There are essentially three phases to a lawyer's career, one of which may or may not ever be realized. They are: (1) the Grinder, (2) the Minder, and (3) the Finder and Binder. The Grinder is the first- through third-year attorney who grinds out legal product—of a sufficient quality and in a billable quantity—to keep the partner and firm happy. Some time around the fourth year (give or take a year), management of other attorneys and a bit of client contact usually come into play. The attorney who is more than seven years out of school and has no clients is the Senior Minder, the most precarious position one can have in the profession. Why? If firm profits ever take a dive, these are the first people fired (in most cases, eventually replaced by less expensive associates). Finally, if knowledge, talent, training, and support from the firm are present, an attorney may become a Finder and Binder, also known as a Rainmaker.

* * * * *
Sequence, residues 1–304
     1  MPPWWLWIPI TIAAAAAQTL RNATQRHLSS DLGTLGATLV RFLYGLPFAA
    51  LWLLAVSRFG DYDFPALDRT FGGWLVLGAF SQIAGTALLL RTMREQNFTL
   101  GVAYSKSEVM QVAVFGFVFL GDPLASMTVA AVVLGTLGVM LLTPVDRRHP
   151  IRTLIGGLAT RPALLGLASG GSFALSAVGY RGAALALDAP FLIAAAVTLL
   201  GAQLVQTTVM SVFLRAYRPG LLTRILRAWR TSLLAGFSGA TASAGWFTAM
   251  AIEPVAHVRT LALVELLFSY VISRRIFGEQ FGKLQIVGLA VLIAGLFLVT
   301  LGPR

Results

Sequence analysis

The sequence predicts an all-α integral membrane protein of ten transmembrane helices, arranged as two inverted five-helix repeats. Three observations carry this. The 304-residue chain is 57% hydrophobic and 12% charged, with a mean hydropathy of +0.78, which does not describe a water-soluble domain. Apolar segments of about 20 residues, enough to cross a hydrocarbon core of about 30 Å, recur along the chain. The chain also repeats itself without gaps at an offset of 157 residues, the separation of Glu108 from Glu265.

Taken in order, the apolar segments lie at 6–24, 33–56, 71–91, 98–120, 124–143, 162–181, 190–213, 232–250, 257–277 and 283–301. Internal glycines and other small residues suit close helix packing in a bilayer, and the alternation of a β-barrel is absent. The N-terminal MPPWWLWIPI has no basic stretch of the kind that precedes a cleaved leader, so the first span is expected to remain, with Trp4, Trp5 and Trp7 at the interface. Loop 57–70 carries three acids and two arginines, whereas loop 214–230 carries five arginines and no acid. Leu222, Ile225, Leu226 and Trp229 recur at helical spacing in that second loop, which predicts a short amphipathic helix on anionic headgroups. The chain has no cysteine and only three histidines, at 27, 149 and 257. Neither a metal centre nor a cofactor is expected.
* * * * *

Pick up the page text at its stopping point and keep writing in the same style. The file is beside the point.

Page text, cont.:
My summer associate experience was just about ideal. I knew I wanted to practice California water law, so I did my homework about firms that had good water practices. I interviewed with those firms (there was only one that really stood out) and got the summer position I wanted. I worked hard over the summer and, at the end of the program, received a job offer. I have been with the same firm, Nossaman, LLP, for over three years now. Because of my focused search, I am able to practice water law. Plus, I have been elected as the associate representative on the firm's Executive Committee. And, a mere four years after I sat in front of my first Nossaman attorney during my on-campus interview, I now find myself on the other side of the equation, interviewing bright and hopeful law students for our summer associate program.
Recently, the Office of Career Services at NYU Law School sent out a memo giving advice to summer associates. This was quite timely, of course, as the summer associate season is in full swing.